Ducey to decide fate of bill making Section 8 not count as rent in eviction cases




TomaDesk
Photo by Jerod MacDonald-Evoy | Arizona Mirror

Late last week, in the waning days of the legislative session, lawmakers passed a bill that would give landlords the ability to evict tenants who pay their rents with assistance from the federal government’s Section 8 housing voucher program.

Rep. Ben Toma, R-Peoria, said previously that he introduced House Bill 2358 at the request of the Arizona Multihousing Association, a trade group for large rental properties.

Toma said the bill is a response to a Maricopa County Superior Court ruling from last year.

The crux of the ruling was that, if a landlord accepts a rental housing voucher payment that counts as partial payment, a tenant is protected under Arizona law from eviction.

Proponents of the measure said that, under the current law, landlords cannot evict someone for violence or domestic violence if they accept a rental assistance payment. However, the Arizona Coalition to End Sexual and Domestic Violence is neutral on the bill.

 

Additionally, it also states that if a rental agreement is terminated, a landlord can take up a claim for possession and rent and a separate claim for damages from a tenant, something that many landlords already do.

Under Toma’s proposal, a landlord could say that rental assistance does not constitute a rent payment, and then evict the tenant – even as it keeps the money.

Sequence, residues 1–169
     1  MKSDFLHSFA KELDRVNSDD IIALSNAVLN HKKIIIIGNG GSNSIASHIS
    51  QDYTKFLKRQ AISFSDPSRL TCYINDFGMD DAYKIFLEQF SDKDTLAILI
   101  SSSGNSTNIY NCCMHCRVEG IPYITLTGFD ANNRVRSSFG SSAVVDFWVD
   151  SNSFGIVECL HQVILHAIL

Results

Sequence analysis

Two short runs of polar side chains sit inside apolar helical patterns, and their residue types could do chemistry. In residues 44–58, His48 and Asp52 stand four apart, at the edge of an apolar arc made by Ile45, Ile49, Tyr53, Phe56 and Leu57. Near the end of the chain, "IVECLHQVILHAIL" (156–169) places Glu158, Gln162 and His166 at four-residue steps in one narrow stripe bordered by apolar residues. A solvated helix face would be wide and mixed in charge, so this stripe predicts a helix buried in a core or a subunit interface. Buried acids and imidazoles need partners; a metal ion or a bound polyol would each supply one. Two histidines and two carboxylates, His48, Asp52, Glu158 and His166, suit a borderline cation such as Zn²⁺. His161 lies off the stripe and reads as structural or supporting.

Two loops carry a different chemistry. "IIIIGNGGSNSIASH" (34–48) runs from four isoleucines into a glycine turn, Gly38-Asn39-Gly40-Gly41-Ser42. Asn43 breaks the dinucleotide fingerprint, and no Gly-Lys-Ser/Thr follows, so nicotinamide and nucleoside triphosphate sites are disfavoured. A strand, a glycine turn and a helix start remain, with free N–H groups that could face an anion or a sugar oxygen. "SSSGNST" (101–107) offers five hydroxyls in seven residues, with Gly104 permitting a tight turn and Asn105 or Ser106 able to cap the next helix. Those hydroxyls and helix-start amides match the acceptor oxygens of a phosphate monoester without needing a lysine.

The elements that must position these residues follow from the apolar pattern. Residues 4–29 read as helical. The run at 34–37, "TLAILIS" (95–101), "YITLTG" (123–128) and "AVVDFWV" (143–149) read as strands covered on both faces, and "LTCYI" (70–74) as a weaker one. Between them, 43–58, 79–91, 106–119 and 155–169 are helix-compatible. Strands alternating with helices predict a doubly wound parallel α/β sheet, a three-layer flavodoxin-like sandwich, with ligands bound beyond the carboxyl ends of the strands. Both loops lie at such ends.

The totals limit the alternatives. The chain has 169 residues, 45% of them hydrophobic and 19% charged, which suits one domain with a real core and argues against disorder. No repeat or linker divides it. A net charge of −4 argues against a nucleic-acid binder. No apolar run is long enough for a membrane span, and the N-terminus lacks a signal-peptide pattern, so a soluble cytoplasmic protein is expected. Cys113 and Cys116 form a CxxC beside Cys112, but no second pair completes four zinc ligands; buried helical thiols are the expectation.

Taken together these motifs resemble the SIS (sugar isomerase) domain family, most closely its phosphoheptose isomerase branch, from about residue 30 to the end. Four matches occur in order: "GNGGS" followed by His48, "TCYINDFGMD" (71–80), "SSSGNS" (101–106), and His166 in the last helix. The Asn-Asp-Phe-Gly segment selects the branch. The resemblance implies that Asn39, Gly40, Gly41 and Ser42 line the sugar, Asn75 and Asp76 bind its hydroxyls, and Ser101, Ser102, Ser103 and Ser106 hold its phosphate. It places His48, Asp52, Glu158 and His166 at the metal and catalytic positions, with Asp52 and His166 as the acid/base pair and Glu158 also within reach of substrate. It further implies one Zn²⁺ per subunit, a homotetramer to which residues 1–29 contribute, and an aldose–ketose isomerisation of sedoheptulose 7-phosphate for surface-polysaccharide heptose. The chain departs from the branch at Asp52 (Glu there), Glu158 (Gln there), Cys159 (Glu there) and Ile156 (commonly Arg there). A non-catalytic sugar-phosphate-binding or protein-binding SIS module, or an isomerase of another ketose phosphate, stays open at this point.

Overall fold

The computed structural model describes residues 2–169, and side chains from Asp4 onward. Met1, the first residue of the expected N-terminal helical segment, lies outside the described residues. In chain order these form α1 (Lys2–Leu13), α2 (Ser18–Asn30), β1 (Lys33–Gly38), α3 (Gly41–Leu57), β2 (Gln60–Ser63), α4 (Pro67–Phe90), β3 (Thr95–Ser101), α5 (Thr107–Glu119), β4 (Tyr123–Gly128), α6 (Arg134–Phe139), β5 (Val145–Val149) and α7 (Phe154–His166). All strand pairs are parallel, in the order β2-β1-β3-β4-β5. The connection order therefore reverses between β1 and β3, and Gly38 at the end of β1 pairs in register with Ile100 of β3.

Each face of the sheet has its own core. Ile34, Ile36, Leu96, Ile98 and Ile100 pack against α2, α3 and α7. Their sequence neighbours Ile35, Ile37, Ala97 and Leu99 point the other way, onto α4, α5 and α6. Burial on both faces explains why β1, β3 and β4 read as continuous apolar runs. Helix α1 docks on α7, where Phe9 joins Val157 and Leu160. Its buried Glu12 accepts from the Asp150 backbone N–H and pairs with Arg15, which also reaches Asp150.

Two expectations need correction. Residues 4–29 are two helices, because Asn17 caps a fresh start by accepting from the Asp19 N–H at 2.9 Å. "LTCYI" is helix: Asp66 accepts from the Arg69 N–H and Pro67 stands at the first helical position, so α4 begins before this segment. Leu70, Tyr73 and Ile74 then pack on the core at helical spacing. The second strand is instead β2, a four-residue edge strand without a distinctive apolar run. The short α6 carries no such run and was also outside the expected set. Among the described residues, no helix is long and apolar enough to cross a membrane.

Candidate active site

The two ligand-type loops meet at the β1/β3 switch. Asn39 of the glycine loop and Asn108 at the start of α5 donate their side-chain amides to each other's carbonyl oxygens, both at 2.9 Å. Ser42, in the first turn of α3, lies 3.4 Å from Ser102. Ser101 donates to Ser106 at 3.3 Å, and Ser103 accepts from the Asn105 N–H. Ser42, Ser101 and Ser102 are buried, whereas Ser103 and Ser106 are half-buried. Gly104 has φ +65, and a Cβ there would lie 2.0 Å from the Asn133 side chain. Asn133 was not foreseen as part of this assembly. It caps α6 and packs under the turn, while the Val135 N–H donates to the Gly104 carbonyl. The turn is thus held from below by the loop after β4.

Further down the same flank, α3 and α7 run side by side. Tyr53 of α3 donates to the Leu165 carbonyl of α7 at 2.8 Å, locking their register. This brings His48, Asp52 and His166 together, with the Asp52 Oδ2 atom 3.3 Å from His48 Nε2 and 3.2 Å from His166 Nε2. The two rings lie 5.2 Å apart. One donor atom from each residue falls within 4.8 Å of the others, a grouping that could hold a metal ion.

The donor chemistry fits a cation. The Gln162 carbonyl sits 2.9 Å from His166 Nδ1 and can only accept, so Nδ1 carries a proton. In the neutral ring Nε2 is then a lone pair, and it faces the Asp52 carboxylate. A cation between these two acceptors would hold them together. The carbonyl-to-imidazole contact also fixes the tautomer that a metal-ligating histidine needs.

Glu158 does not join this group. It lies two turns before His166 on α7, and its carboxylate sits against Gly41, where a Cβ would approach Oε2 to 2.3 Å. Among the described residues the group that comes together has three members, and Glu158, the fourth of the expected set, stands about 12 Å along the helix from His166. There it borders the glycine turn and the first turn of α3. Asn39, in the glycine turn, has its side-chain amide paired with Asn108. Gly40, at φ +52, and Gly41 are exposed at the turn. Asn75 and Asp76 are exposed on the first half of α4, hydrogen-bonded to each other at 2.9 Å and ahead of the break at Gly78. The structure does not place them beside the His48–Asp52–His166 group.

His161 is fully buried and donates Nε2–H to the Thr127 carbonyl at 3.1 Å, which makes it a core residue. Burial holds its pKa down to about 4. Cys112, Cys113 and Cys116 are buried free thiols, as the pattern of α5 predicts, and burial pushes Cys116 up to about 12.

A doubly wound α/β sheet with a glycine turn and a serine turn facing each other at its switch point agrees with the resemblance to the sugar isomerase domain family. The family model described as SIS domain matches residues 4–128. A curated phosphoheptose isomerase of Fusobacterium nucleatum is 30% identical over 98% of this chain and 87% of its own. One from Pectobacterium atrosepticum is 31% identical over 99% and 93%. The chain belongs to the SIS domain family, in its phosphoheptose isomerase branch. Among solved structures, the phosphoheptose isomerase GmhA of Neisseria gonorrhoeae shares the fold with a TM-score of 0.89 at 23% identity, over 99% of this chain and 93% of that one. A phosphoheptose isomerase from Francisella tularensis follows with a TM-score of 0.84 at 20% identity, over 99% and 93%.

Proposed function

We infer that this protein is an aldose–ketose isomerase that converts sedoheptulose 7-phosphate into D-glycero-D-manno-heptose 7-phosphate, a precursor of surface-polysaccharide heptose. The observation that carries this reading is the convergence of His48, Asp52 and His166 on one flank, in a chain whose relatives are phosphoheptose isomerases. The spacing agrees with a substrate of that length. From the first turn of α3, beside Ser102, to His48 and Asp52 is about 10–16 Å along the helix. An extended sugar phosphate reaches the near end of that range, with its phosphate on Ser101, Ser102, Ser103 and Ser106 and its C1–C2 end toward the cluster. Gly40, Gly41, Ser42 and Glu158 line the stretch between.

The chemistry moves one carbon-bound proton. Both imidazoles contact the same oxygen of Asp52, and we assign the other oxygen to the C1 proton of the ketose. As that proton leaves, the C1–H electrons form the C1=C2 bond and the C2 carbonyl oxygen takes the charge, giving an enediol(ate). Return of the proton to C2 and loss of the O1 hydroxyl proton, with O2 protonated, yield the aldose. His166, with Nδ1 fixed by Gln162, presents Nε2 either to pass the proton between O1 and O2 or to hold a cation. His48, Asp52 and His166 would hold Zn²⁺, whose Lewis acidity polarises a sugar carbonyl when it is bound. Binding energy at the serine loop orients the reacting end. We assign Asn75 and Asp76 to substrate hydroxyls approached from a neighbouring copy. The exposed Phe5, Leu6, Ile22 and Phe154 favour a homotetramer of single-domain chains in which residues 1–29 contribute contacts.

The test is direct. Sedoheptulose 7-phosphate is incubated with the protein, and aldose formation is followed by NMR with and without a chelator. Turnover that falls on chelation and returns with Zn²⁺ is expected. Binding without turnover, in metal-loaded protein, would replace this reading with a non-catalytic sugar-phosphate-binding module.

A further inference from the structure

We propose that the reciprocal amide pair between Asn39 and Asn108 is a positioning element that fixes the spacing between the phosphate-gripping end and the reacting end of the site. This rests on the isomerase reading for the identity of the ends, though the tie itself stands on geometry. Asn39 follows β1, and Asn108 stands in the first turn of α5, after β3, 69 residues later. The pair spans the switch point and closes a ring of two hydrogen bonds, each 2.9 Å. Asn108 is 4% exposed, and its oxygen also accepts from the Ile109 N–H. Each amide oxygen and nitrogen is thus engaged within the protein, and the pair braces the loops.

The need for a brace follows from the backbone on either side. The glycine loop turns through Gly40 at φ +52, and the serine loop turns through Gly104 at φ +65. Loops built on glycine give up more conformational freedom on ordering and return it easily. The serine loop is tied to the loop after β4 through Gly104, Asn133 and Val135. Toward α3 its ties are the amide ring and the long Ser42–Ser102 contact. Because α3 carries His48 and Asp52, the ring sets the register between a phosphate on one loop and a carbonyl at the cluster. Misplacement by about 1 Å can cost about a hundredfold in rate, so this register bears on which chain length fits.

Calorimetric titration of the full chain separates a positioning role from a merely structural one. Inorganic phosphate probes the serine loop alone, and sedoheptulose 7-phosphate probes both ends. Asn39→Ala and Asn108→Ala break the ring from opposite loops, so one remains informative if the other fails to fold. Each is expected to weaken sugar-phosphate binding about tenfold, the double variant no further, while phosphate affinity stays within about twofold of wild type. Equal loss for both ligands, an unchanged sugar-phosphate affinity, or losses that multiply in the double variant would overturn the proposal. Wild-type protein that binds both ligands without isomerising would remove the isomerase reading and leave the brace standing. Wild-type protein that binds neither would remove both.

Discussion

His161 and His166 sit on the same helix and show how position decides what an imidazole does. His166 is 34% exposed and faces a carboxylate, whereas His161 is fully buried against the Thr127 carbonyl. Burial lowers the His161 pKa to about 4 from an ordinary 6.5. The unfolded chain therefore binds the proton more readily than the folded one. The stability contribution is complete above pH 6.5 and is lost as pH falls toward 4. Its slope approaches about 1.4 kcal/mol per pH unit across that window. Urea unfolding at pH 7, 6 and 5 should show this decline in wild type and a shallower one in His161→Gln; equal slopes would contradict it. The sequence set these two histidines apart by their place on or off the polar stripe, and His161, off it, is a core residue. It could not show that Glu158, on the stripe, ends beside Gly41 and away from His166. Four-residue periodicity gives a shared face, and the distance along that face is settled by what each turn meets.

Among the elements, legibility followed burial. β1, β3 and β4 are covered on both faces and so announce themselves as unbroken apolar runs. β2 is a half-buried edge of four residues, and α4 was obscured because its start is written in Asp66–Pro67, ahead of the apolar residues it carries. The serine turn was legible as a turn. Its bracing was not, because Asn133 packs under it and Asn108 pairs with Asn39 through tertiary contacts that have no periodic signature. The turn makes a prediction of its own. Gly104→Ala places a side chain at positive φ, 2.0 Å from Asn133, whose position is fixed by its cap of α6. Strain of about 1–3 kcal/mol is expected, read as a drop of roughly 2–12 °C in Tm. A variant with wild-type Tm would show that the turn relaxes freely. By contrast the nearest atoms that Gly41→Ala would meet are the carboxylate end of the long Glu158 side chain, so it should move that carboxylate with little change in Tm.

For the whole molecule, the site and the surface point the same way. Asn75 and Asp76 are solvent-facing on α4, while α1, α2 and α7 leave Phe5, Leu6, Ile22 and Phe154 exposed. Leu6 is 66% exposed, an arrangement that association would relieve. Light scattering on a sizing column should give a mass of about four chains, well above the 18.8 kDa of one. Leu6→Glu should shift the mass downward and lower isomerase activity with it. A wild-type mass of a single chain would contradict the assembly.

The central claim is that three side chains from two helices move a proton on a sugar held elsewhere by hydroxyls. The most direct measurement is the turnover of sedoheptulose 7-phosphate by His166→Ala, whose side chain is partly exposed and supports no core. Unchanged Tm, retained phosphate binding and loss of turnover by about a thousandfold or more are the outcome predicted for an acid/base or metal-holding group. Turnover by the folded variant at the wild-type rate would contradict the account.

The original bill also included assistance from churches and community based organizations, but the version that was sent to Gov. Doug Ducey exempts faith-based organizations and community action agencies.

Payments from government agencies, public housing authorities and from third parties on behalf of a government agency are not exempt.

The bill passed the House on a 35-25 vote and passed the Senate 19-7.

According to data collected by Arizona’s 211 system, 162 of Toma’s constituents called 211 for help with housing assistance last year.

Jerod MacDonald-Evoy
Reporter Jerod MacDonald-Evoy joins the Arizona Mirror from the Arizona Republic, where he spent 4 years covering everything from dark money in politics to Catholic priest sexual abuse scandals. Jerod has also won awards for his documentary films which have covered issues such as religious tolerance and surveillance technology used by police. He brings strong watchdog sensibilities and creative storytelling skills to the Arizona Mirror.

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